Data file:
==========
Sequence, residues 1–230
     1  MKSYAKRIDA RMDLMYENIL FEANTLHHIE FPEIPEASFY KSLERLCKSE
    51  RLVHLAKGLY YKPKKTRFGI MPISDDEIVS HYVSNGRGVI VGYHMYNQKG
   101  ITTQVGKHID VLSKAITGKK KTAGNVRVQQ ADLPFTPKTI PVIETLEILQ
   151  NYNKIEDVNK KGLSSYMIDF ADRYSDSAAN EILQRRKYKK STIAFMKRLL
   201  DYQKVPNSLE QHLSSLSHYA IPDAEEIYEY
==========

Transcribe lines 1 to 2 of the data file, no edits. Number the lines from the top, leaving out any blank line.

Sequence, residues 1–230
     1  MKSYAKRIDA RMDLMYENIL FEANTLHHIE FPEIPEASFY KSLERLCKSE